Winery files federal lawsuit after losing UDRP.
A California company has filed a federal trademark and cybersquatting lawsuit (pdf) after first failing to obtain the domain name WilsonVineyard.com through a UDRP.
Wilson Vineyards, Inc filed a UDRP against Wilson Vineyard (singular) of Pennslyvania earlier this year. It was a bad UDRP filing, as there was no way to prove that the respondent lacked rights or legitimate interests in the domain. After all, the respondent and domain name owner ran a vineyard by that name in Pennsylvania. That would be quite the elaborate ruse to pretend to have legitimate interests in a domain.
If anything, this is a trademark dispute and not a cybersquatting dispute.
So now the California vineyard has filed a trademark lawsuit. In addition to claims of false designation and trademark infringement, the lawsuit claims that the defendant is cybersquatting.
The filing makes no mention that a UDRP panel denied a dispute over the domain name.
Joseph Peterson says
Running a successful vinyard as a ploy to sell a vinyard domain name … devious!
With all that money Wile E. Coyote spends on Acme equipment, if he’s so famished why doesn’t he just order a pizza?
C.S. Watch says
Since we the federal taxpayer will be paying for this rubbish lawsuit, one must call out the attorney, and the Panelist, who are handing us this legal bill:
1. Attorney: This Californian Complainant/Plaintiff, Wilson Vineyards, has no defensible trademark right, full stop. The attorney, R. Michael West of the offices of R. Michael West of Sacramento, knows this because he has represented them in their specious TM filings for at least 15 years. This Plaintiff’s use is pre-dated by Wilson Winery, and also by Wilson Creek wines. There’s also ‘Wilson and Wilson’ wines, pottering around for a decade. The kicker? All three of these other dolts are in California! (I stopped researching at this point, having lost all faith in the ascent of man.)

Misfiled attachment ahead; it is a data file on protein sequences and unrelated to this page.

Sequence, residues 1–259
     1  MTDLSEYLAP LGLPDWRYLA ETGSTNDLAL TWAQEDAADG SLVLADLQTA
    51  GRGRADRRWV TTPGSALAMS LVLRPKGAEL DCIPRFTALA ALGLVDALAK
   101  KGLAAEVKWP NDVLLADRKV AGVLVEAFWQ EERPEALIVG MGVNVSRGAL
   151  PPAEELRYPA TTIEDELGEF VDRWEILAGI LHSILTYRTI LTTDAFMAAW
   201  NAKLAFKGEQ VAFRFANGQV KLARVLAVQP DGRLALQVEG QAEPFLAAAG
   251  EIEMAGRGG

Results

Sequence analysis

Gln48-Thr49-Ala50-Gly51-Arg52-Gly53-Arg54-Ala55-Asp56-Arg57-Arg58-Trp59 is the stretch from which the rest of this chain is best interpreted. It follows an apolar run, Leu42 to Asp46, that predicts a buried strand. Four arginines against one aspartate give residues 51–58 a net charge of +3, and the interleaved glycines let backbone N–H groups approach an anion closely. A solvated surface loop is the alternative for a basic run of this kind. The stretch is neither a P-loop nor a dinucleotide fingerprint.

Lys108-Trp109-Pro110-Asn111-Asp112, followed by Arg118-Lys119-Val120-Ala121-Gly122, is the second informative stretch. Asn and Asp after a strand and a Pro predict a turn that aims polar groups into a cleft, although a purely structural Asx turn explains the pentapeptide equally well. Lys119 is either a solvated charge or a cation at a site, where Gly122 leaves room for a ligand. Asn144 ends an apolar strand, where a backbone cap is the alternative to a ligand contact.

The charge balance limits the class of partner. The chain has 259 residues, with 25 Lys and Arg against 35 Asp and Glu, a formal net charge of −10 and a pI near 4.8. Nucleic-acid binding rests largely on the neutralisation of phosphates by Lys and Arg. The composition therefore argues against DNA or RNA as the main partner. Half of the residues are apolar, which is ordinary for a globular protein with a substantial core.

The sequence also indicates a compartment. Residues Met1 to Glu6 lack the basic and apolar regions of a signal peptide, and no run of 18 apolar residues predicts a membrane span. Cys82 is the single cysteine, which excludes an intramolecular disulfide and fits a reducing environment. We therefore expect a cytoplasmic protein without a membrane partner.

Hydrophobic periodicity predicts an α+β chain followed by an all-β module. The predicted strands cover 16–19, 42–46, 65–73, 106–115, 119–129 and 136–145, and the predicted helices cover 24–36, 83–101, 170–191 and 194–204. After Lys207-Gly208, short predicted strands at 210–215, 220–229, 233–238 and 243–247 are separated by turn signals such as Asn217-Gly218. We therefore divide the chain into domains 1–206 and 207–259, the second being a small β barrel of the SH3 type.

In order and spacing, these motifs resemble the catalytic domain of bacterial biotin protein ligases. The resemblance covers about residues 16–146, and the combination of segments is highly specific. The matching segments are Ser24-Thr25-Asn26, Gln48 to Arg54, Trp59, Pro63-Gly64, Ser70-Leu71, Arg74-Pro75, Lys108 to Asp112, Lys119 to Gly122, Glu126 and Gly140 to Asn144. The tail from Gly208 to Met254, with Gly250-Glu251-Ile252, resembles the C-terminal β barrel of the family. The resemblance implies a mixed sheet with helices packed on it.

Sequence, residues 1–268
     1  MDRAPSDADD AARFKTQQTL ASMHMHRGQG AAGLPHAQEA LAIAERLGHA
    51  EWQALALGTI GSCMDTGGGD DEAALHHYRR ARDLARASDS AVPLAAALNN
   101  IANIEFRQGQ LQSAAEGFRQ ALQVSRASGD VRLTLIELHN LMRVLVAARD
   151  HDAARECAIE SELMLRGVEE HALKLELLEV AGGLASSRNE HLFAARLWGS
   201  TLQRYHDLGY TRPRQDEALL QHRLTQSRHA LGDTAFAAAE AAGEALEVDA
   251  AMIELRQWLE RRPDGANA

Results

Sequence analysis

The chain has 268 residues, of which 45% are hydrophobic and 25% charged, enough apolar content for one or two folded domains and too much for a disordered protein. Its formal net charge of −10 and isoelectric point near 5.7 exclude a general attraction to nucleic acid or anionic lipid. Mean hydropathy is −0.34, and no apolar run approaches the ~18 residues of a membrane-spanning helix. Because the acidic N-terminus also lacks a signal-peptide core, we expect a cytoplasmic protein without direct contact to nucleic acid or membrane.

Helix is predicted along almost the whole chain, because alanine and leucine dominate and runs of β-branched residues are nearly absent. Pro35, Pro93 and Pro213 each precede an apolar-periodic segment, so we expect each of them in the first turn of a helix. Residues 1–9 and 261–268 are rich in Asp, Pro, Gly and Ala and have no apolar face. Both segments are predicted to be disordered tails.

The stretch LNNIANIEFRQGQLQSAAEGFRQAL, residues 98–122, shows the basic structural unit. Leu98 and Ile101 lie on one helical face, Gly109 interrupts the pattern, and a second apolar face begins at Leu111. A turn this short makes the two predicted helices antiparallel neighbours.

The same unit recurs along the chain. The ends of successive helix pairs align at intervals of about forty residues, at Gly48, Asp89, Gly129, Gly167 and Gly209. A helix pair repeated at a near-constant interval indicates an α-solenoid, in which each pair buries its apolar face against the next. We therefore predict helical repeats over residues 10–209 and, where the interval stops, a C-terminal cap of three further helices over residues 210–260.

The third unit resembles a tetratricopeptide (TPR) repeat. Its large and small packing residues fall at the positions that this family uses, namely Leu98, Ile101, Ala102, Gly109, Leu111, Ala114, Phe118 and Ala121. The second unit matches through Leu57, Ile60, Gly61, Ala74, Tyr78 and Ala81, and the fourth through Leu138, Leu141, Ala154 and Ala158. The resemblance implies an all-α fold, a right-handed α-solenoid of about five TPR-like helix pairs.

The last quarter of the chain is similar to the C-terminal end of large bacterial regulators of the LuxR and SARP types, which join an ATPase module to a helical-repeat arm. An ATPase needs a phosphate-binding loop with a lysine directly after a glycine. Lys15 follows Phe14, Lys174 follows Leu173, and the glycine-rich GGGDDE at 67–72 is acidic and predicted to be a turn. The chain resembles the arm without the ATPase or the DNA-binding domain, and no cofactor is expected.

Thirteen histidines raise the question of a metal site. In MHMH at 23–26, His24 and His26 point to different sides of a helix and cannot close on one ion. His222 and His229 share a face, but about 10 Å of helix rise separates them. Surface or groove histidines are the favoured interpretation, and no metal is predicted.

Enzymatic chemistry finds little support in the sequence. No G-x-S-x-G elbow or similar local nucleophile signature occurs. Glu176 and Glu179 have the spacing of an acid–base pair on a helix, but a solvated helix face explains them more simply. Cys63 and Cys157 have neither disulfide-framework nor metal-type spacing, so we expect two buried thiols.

The Plaintiff can’t suppress the many ‘wilson’ winery uses in CA any more than they can suppress this PA use. But that is not the objective. This lawsuit is about the domain name—so they can preserve their SEO placement, and continue confusing consumers who are seeking the products of the many other ‘unprotectable trademark’ Wilson wines. (As if that were news to anyone here.)
This is R. Michael West, the attorney milking our system: http://media.bizj.us/view/img/901501/westmichaelmilkbank2082313dm*750.jpg. The UDRP Panel had a duty to shut him down, and it failed.
2. Panel: The Panel and the Complainant knew about the Respondent’s 2010 LLC, the years of farming in freezing PA, the products, website, and awards… In no universe could that UDRP filing have prevailed…as long as the panel dutifully excludes ‘trademark conflicts’ as it is bound to do. The Respondent prevailed, of course, but no RDNH. So whose duty is it to make plain to all and sundry that the UDRP is neither empowered nor tasked nor granted the evidentiary scope to make it capable of addressing ‘trademark conflicts?’ That is the Panelist’s duty, and the tool is RDNH. That smack on the hand could have shamed this Plaintiff or their atty into flying right. But no.
RDNH findings are duty, not whim. Particularly because panelists benefit from ‘misleading decisions,’ which can beget more filings, and more income for panelists. Also, the UDRP puts multi-million dollar assets at direct risk, and is the instrument of 5-10K in legal fees borne by respondents, but it makes no recompense when the filing is abusive. That’s a recipe for foreseeable harm and liability. That’s why the UDRP’s self-protective mandate is ‘shall find RDNH.’
We would not be bankrolling this rat king lawsuit if panelists would reliably adhere to the mandate they’ve been issued. It is not just sloven, it is suspect.
CS Watch. Could you please contact me. I would love to chat a little about this comment you wrote. I am the defendant dealing with this nonsense. 610-220-0128